New research from Karolinska Institutet in Sweden shows that medication used to treat ADHD in adult men can save lives on the road. According to a large registry study, which is now being published in the scientific journal JAMA Psychiatry, up to half of the transport accidents involving men with ADHD could be avoided if the men were taking medication for their condition.
The researchers have studied 17,000 individuals with ADHD over a period of four years (2006-2009) using various population health' registers. They were then able to analyse the risk of transport accidents for individuals diagnosed with ADHD and how ADHD medication influence this risk. In line with previous research in this area, the results from the current study demonstrate that individuals with ADHD have an approximately 45 per cent increased risk of being involved in serious transport accidents, such as car or motorcycle accidents, compared to individuals without ADHD.
"Even though many people with ADHD are doing well, our results indicate that the disorder may have very serious consequences," says Henrik Larsson, associate professor at the Department of Medical Epidemiology and Biostatistics. Our study also demonstrates in several different ways that the risk of transport accidents in adult men with ADHD decreases markedly if their condition is treated with medication."
To begin with, the incidence of transport accidents was lower among men with ADHD who received medication than among men with ADHD who did not. When the men were compared to themselves, i.e. during periods with and without ADHD medication, the researchers were able to establish that pharmaceutical treatment involved a significantly lower risk of transport accidents; during the periods of ADHD medication the risk was 58 per cent lower. Comparing the individuals to themselves is one of the study's strengths as it demonstrates that the connection between medication and decreased accident risk is probably not due to differences between individuals.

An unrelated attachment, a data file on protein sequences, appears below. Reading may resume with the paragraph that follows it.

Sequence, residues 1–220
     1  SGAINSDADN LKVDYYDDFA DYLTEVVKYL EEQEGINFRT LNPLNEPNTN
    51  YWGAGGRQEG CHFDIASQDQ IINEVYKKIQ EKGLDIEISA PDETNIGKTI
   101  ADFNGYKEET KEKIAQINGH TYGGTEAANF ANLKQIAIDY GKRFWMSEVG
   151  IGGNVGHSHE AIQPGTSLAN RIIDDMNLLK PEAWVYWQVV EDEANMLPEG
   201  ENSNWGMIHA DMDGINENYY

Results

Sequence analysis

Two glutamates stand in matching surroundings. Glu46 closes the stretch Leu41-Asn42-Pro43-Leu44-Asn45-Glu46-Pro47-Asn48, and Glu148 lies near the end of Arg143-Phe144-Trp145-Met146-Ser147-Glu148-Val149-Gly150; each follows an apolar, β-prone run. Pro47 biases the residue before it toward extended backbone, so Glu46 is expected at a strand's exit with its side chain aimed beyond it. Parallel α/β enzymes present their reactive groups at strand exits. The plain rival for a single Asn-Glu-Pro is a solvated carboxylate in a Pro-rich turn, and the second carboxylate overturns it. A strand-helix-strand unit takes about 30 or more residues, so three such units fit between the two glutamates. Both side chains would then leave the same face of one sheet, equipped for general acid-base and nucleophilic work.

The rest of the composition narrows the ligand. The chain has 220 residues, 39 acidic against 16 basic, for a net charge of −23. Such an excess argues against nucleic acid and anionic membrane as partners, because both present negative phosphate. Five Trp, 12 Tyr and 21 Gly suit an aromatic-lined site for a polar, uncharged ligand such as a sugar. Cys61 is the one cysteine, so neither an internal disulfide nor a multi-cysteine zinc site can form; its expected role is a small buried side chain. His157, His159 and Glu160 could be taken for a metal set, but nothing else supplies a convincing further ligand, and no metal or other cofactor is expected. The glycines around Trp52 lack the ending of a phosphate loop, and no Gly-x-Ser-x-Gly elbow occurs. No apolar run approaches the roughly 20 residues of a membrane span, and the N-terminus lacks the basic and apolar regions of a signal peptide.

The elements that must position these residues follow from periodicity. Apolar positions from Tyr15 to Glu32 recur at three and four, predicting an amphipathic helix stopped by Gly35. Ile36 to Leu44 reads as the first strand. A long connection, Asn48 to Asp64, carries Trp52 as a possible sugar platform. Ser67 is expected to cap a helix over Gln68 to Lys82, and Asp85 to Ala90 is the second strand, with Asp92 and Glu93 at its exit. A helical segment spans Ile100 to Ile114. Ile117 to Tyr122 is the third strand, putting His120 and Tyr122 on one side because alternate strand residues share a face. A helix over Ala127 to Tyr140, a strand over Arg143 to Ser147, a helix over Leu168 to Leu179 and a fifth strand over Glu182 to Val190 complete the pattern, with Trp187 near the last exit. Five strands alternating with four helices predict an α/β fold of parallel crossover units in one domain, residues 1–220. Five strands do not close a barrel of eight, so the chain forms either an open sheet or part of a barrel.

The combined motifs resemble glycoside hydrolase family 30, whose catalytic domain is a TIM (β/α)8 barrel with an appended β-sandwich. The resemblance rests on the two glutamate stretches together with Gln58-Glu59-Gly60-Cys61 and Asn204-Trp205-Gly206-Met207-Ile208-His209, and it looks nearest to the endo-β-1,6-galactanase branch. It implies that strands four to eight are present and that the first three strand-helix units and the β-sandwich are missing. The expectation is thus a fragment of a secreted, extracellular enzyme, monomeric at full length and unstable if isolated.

Further statistical calculations showed that 41 per cent of the transport accidents involving men with ADHD could have been avoided if they had received medication for the entire follow-up period. This study, which has now been published, does not explain the specific mechanisms behind the effect of ADHD medication on accident risk. However, the researchers believe that the results may be explained by ADHD medication having an effect on the core symptoms of ADHD such as impulsiveness and distractibility, which in turn reduces the risk of getting into trouble on the road.
"Despite having shown that medication for ADHD very likely reduces men's risk of transport accidents, we could not establish a similar reduction in women's accident risk," says Henrik Larsson. "We need further data to be able to comment about the effect on women with statistical certainty. It is also important to point out that most pharmaceutical treatments carry a risk of side effects. The risks must be weighed against the benefits for every individual prescription, taking into account the individual patient's situation."
About five per cent of all school children and half as many adults suffer from ADHD, which is characterised by lack of attention, concentration difficulties and impulsiveness. Research has shown that ADHD is a relatively stable disorder and many of those who have been diagnosed with ADHD as children also meet the diagnostic criteria as adults. People with ADHD can be treated with medications such as central nervous system stimulants that affects the brain and thereby improve attention and impulse control.
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